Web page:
Judge Lamberth’s reference to “constantly shifting admissions by the Government and the former government officials” certainly describes the challenge to our effort to get to the bottom of the scandal.
In another recent development, we obtained State Department documents
from February 2009 containing emails that appear to contradict statements by Clinton that, “as far as she knew,” all of her government emails were turned over to the State Department and that she did not use her clintonemail.com email system until March 2009.
The emails also contain more evidence of the battle between security officials in the State Department, National Security Administration, Clinton and her staff over attempts to obtain secure Blackberrys.
The documents were obtained in response to a court order in an April 28, 2015, Freedom of Information Act (FOIA) lawsuit, Judicial Watch, Inc. v. U.S. Department of State, filed after the Department of State failed to comply with a March 10, 2015, FOIA request seeking:
On Feb. 13, 2009, Cheryl Mills (Clinton’s then-chief of staff) sent Clinton an email describing efforts by the National Security Agency to address demands for a secure BlackBerry: "In meeting with the NSA person today ([Redacted] NSA’s rep to DOS) – she indicated they could address our BB so that BB could work in the SCIFF [Sensitive Compartmented Information Facility] and be secure based upon some modifications that could be done to each BB (more below)."
Mills attaches an email from an unnamed NSA official that reports: "Debbie Plunkett, D/Chief of our Information Assurance Directorate, is personally assembling a knowledgeable team to work with you and other members of your staff to move forward on your Blackberry requirement.
"She will engage State’s CIO and DS/comms security folks to ensure everyone is aware of the art of the possible . . . I am confident we can get to YES on this!
[Emphasis in original]"
That same day, on Feb. 13 at 12:33 p.m. Clinton, using her unsecured email@example.com account responds, “That’s good news.”
As we have reported
, National Security Agency personnel had denied Clinton’s requests for secure BlackBerry devices, telling Clinton staff to “shut up and color.”
The new documents include another Feb. 13, 2009, email, written after the Mills-Clinton exchange, showing that State and NSA security officials were shocked and surprised by Clinton’s Blackberry demands.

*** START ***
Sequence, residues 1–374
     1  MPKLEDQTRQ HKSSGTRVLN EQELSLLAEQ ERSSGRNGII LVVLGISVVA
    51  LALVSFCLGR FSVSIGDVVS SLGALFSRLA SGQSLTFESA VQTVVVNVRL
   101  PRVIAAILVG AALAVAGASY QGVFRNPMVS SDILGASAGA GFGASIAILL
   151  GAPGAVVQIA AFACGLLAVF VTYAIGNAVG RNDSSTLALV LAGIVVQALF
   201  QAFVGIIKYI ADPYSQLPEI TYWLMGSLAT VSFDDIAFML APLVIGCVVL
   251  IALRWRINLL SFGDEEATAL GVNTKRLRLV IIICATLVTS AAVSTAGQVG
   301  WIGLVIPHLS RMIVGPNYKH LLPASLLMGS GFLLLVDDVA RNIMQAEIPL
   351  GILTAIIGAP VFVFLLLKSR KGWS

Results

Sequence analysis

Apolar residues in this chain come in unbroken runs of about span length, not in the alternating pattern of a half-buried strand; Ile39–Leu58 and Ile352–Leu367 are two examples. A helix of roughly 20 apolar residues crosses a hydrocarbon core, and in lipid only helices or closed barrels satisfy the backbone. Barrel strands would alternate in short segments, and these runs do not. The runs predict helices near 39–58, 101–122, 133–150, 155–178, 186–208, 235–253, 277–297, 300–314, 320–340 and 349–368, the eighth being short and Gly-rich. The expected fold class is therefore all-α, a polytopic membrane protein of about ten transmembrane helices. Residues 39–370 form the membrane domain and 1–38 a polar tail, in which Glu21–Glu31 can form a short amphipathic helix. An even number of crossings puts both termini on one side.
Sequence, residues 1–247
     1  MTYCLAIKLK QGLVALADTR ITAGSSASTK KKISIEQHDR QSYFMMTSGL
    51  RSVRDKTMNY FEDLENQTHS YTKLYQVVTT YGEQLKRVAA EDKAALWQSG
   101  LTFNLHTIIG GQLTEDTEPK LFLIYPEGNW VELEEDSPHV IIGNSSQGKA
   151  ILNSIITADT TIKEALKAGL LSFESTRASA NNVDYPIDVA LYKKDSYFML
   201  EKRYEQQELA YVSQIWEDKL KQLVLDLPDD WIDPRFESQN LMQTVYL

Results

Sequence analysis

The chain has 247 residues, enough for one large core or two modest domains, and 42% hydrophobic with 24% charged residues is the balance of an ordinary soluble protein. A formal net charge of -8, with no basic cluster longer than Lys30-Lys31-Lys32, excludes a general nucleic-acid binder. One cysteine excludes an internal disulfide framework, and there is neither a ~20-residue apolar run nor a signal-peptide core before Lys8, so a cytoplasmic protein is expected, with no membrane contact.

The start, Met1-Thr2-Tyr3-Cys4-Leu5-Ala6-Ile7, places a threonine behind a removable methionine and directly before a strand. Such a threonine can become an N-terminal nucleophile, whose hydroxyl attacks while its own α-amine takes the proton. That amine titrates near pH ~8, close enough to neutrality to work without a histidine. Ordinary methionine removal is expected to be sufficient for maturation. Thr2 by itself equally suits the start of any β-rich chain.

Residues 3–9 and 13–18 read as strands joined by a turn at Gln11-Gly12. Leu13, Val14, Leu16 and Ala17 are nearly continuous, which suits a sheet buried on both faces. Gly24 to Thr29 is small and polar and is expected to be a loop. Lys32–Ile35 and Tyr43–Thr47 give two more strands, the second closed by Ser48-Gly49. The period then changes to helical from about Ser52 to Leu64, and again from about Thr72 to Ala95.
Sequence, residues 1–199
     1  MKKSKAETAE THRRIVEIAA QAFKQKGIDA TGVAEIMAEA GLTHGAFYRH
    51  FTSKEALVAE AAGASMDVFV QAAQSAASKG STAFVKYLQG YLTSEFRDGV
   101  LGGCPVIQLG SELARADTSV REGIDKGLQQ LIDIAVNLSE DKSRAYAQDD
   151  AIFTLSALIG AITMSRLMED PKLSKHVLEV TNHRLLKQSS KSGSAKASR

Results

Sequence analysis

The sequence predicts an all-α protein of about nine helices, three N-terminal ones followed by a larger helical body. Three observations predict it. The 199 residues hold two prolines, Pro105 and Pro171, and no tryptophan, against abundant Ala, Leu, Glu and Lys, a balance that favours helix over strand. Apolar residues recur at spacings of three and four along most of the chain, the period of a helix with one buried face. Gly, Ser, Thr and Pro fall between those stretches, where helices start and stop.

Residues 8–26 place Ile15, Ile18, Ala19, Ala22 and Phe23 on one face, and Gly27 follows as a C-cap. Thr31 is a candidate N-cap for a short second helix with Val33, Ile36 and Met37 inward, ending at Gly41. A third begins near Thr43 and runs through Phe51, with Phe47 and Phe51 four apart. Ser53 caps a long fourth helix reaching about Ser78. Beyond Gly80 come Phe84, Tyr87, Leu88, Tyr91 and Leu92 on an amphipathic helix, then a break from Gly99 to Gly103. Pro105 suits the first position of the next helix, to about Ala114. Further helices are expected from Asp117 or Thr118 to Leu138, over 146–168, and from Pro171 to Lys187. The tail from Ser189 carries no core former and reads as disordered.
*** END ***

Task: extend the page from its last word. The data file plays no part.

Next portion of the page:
The new emails show that despite prior concerns about security and cost, the NSA and State Department officials came up with a plan to modify six Blackberry devices for Clinton and her staff. A Feb. 20, 2009
State Department email states: "Pat Donovan [head of Bureau of Diplomatic Security] tasked us with a memo that he wanted by today and that we finished last night and that it outlines the vulnerabilities and risks of BB use inside and outside a SCIF (because they’re essentially the same) and concludes with our collaboration with NSA to seek an acceptable solution for their desired BB use."
Despite this warning about using Blackberry “outside a SCIF,” Mrs. Clinton and her staff continued to use unsecured Blackberrys. The documents suggest a continued push for secure Blackberrys in late March 2009, but the documents are heavily redacted.
Hillary Clinton has repeatedly stated that the 55,000 pages of documents she turned over to the State Department in December 2014 included all of her work-related emails.
In response to a court order in other Judicial Watch litigation, she declared under penalty of perjury that she had “directed that all my emails on clintonemail.com in my custody that were or are potentially federal records be provided to the Department of State, and on information and belief, this has been done.”
Now we know that, contrary to her statement under oath suggesting otherwise, Hillary Clinton did not turn over all her government emails.
We also know why Hillary Clinton falsely suggests she didn’t use clintonemail.com account prior to March, 18, 2009 – because she didn’t want Americans to know about her February 13, 2009, email that shows that she knew her Blackberry and email use was not secure.
That Judicial Watch was able to make this astonishing find is a testament to excellent work by our tenacious and expert staff. The Washington Post did a piece
on us last week titled “Judicial Watch, pursuing the Clintons like Inspector Javert for two decades, scores again.”
I’m not too enamored by the Inspector Javert comparison, but the writer grudgingly compliments our work.
The piece highlights the work of our “band of expert Freedom of Information Act lawyers — and make no mistake, they are good.”
So with that “endorsement,” I encourage you to join
our “band” of members who want the truth about what our government is up to and believe no politician is above the law.
Tom Fitton is the president of Judicial Watch. He is a nationally recognized expert on government corruption. A former talk radio and television host and analyst, Tom is well known across the country as a national spokesperson for the conservative cause. He has been quoted in Time, Vanity Fair, The Washington Post, The New York Times, and most every other major newspaper in the country. For more of his reports, Go Here Now.
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